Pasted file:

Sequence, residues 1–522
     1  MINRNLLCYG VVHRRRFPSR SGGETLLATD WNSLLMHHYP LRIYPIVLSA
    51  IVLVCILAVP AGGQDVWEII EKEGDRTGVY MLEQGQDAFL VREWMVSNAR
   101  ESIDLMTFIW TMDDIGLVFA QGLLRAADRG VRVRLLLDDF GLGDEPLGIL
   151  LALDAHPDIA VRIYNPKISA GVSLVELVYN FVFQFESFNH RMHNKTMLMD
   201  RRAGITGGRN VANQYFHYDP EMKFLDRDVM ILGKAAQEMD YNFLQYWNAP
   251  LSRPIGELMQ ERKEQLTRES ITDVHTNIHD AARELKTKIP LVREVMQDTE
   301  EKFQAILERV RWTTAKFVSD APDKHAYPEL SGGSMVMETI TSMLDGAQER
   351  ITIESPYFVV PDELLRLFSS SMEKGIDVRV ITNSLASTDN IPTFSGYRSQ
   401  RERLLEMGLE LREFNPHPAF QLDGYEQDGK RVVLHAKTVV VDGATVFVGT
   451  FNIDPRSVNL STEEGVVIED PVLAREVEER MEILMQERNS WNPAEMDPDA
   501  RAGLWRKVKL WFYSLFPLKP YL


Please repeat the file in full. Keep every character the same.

Sequence, residues 1–522
     1  MINRNLLCYG VVHRRRFPSR SGGETLLATD WNSLLMHHYP LRIYPIVLSA
    51  IVLVCILAVP AGGQDVWEII EKEGDRTGVY MLEQGQDAFL VREWMVSNAR
   101  ESIDLMTFIW TMDDIGLVFA QGLLRAADRG VRVRLLLDDF GLGDEPLGIL
   151  LALDAHPDIA VRIYNPKISA GVSLVELVYN FVFQFESFNH RMHNKTMLMD
   201  RRAGITGGRN VANQYFHYDP EMKFLDRDVM ILGKAAQEMD YNFLQYWNAP
   251  LSRPIGELMQ ERKEQLTRES ITDVHTNIHD AARELKTKIP LVREVMQDTE
   301  EKFQAILERV RWTTAKFVSD APDKHAYPEL SGGSMVMETI TSMLDGAQER
   351  ITIESPYFVV PDELLRLFSS SMEKGIDVRV ITNSLASTDN IPTFSGYRSQ
   401  RERLLEMGLE LREFNPHPAF QLDGYEQDGK RVVLHAKTVV VDGATVFVGT
   451  FNIDPRSVNL STEEGVVIED PVLAREVEER MEILMQERNS WNPAEMDPDA
   501  RAGLWRKVKL WFYSLFPLKP YL